Bollywood Grill Offers Many Unique, Succulent Choices
The Spicy Side of India
The new menu retains many familiar items but has expanded. There is depth in goat and lamb dishes, a selection of vegetarian items from South India and chaat platters. Chaat are appetizer plates, finger food to enjoy while seated at the bar. For starters, the samosa ($3.50) remain reliable, a pair of small turnovers with a vegetarian filling of peas and potatoes, the potatoes a golden hue thanks to liberal use of cumin. For something meatier try the chicken chilli ($6.95). Boneless pieces of chicken are dusted with gram flour and cooked with green pepper, onions and a few curry leaves. The chilli sauce has a hint of sweetness, but is unlike the very sweet chilli sauces of Singapore. The mix also includes hot pepper, which may be ordered to taste.
When planning a meal, do not order just one item. For one thing the entrées are not especially large and a proper Indian meal demands bread, basmati rice and perhaps some raita. Among the breads is the standard naan ($2) made from wheat flour. Poori ($3) is similar but it is deep-fried until it puffs. It is much like the sopapillas found all over New Mexico. Raita is the condiment of yogurt and cucumber with a hint of mint. This is the perfect counterpoint to the more fiery curries, especially the vindaloos. Plain basmati is usually included with the curries as are chutneys when appropriate.
There are dozens of options for main courses, including chicken, seafood, vegetarian, lamb, goat and even beef. The goat curry ($13.95) is mild and the meat is all about tenderness. This has a brown sauce with the predominant spice being allspice. Allspice is the key spice in Jamaican curries but this one is quite different. Seafood includes a Bengali fish curry ($13.95) with boneless fish pieces marinated in mustard oil, a unique flavor accented by a few black mustard seeds. Dried chilli adds some heat (but not too much). Still this is not fare for timid palates.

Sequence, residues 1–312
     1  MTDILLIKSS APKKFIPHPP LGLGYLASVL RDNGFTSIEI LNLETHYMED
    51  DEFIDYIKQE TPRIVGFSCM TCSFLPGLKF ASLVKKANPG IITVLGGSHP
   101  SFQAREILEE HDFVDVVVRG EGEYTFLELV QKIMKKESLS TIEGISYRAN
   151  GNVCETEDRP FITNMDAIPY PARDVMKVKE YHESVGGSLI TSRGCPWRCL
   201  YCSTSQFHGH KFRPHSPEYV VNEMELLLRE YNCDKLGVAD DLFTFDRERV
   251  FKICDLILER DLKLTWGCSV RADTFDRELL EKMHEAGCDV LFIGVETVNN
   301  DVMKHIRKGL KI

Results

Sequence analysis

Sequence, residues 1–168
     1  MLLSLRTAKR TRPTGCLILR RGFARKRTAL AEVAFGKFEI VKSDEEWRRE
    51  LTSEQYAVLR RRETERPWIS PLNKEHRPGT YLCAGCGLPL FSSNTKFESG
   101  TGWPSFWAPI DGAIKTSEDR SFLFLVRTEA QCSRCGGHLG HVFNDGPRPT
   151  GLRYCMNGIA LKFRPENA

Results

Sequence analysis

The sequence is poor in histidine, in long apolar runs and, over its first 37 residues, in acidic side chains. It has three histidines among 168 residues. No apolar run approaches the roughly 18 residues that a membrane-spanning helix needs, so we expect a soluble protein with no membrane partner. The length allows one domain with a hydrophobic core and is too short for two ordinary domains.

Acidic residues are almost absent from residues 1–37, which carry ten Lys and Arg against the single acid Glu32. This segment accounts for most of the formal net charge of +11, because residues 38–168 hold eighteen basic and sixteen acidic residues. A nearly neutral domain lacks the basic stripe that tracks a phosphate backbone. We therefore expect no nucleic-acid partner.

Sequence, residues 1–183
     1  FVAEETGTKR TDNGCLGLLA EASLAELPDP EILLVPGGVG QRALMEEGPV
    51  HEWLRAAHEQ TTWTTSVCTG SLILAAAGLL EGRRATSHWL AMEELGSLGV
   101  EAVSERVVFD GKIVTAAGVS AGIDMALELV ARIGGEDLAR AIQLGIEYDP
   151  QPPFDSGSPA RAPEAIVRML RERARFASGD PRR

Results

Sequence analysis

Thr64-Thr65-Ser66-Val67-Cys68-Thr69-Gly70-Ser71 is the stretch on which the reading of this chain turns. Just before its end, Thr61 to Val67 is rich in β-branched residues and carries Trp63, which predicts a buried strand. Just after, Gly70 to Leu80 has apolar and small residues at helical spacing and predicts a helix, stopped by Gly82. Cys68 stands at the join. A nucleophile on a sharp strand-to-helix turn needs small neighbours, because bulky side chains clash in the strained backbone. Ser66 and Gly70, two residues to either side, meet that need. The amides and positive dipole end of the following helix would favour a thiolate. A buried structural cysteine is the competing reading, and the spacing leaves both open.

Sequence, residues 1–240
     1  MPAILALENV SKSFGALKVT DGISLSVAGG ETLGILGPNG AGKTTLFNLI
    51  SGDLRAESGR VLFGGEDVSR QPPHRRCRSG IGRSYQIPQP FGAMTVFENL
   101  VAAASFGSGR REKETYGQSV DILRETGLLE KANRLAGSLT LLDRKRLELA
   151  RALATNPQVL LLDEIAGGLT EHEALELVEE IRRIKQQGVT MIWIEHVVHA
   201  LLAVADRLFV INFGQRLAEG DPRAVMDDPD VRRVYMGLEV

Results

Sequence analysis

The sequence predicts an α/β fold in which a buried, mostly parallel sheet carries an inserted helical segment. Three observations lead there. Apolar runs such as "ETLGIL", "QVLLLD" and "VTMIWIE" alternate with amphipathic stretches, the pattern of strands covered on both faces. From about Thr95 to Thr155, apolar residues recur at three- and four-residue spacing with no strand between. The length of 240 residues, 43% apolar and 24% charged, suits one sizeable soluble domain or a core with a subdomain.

The tandoori grill items offer some succulent meats like chicken ($9.95-$15.95) and rack of lamb ($18.95), all with the vivid red coating of spice paste. The seekh kabab ($13.95) is of lean, minced lamb meat mixed with spices and is similar to Middle Eastern kefta kabob. Here it is served cut into pieces on a sizzling hot cast-iron plate with slices of red onion and over a bed of cabbage and carrot.
Much of the menu is geared towards vegetarians. The South Indian section offers uthapam ($9.95), herbed pancakes made of rice and dal (lentils). They are served with a side of sambar, a South Indian vegetable soup with bold spicing. It’s energizing fare for a wintry day.
Mayura was also popular for its lunch buffet, which remains a fixture at the Bollywood Grill. There is a good assortment—half meat and half vegetarian. Several of the vegetarian items do not appear on the menu at all. The meat will invariably include goat curry and chicken tikka. This is a fine way to sample the extensive menu.
Although the new setting is different than Mayura, the quality of the food ranks the Bollywood Grill as one of the best local options for Indian fare. This is a place for spice lovers. The flavors are complex and not shy in the least.
1038 N. Jackson St.
Handicapped access: yes